Keep Swapping!

Change is goodWhich of the food swaps that I recommended in the last newsletter have you put into practice? Just one would be a good start. I’d like to hear how it is going for you.

Swapping to gluten-free foods, stepping away from dairy, and trading your salt shaker contents will reduce your levels of inflammation, remove the influence of bovine growth hormones, and balance your body’s mineral and water balance. What else can you swap to benefit your level of wellness?

Fats and Oils
Let me start with some really good news: eating fat does not make you fat! What a relief, eh? Think about it. How long has the low-fat diet been promoted? And how’s that working for us? Not so well.

I can think of two reasons for this: 1) when the food industry removes fat, they replace it with processed carbohydrates to cover the loss of flavor, and 2) the body needs good fats as building blocks for cells and the brain. When eating low-fat products, you are eating more empty calories, and your body is robbed of resources to maintain the health of your cells.

So besides avoiding low-fat food products, what swaps can you make to improve your supply of fat for your cells?

For a solid fat, I recommend unrefined coconut oil, butter or ghee. You will want to look for butter that is rBGH free (no growth hormones) to avoid the added hormones that often come with dairy products. Ghee is clarified butter, which can be used by many who are lactose intolerant. And please avoid any food that has “partially hydrogenated” anything – that’s a key source of coronary disease.

When you need a liquid fat source, I suggest that you switch from industrial oils – canola, corn, cottonseed, safflower, and sunflower oils – to Extra Virgin Olive Oil packaged in a dark bottle. Olive oil can break down in light, so the many varieties that you see on the store shelves in clear bottles, or worse, clear plastic, are likely to have degraded nutrients.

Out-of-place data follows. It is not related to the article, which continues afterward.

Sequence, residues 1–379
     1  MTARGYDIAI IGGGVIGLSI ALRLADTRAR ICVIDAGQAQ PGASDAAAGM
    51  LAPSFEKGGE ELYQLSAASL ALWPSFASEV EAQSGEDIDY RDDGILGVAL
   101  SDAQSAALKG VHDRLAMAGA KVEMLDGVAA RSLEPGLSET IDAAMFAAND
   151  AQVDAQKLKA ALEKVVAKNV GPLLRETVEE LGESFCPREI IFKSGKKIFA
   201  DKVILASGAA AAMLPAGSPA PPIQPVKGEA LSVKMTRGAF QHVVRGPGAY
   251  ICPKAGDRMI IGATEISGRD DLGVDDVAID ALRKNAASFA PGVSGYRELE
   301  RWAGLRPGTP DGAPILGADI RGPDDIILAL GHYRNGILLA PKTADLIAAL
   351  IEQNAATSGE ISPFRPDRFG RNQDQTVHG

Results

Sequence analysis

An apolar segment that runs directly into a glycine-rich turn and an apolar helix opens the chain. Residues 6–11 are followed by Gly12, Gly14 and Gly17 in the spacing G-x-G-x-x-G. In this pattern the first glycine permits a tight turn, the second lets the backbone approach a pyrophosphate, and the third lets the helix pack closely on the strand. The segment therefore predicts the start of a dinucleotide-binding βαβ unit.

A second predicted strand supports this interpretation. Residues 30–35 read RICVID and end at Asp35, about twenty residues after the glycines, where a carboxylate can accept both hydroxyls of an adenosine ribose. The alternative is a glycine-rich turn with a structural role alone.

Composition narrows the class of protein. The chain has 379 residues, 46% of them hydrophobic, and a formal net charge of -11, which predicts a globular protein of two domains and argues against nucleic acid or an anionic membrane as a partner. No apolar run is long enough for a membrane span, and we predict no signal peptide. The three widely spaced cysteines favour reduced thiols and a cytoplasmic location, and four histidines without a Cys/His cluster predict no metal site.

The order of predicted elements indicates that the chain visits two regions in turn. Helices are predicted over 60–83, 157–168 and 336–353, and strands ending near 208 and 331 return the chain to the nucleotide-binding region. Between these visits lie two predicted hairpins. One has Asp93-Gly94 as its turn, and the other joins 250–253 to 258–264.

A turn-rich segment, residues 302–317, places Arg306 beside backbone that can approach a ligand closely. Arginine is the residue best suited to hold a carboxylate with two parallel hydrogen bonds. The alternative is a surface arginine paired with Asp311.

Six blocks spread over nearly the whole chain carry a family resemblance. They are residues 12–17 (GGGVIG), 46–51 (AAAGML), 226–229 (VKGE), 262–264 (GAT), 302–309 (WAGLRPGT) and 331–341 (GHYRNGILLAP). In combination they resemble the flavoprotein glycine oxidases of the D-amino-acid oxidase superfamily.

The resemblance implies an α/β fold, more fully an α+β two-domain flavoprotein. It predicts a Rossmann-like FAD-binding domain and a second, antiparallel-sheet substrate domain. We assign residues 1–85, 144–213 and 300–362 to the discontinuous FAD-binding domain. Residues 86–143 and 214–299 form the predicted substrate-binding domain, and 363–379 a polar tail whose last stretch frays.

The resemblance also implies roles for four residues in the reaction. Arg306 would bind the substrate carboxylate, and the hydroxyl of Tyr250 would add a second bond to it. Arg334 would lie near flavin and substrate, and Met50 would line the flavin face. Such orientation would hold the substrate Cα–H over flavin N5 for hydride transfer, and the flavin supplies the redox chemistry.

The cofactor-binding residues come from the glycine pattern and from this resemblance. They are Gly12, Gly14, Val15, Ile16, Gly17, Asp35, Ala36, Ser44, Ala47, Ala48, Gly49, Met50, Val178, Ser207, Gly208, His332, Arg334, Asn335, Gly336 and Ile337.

And what about other food sources for healthful oils? Avocado and raw nuts top my list. Many diet programs encourage you to avoid these because they come with higher calorie count; however, I view them as valuable in moderation because of their healthful fat and nutrients.

You knew I had to bring this one up. If you aren’t willing to give up sugar altogether, perhaps you would consider swapping to a less damaging source of sweetness.

Look for local raw honey to sweeten your drinks and foods. Honey provides minerals and steady exposure to local pollen, which can help your body build resistance to allergens. Pure maple syrup, especially the darker Grade B, has minerals and antioxidants. And lastly, have you tried coconut palm sugar? It’s appearing in more grocery stores and offers a lower glycemic source of sweetness. And of course, if you are looking for a low-calorie sweetener, I recommend stevia – but be sure to look for a brand that has minimal ingredients.

Change your sweetening sources, but also reduce the amount of sweeteners you use. You can shift your taste buds to be satisfied will less sugar. Dilute your sweet tea with unsweetened. Reduce the sugars that you use in your baking. What other ways can you reduce your consumption of sugar … without using those pink, yellow or blue packets?

So I’ve shared a total of five relatively simply food swaps you can make that will bring dividends and the wealth of improved health. Which one – or ones – will you incorporate in your daily life? Reply to me with your choice, or with your questions, or post on the Pursue Wellness Facebook page. I’m eager to hear from you.

Have a blessed 2015!

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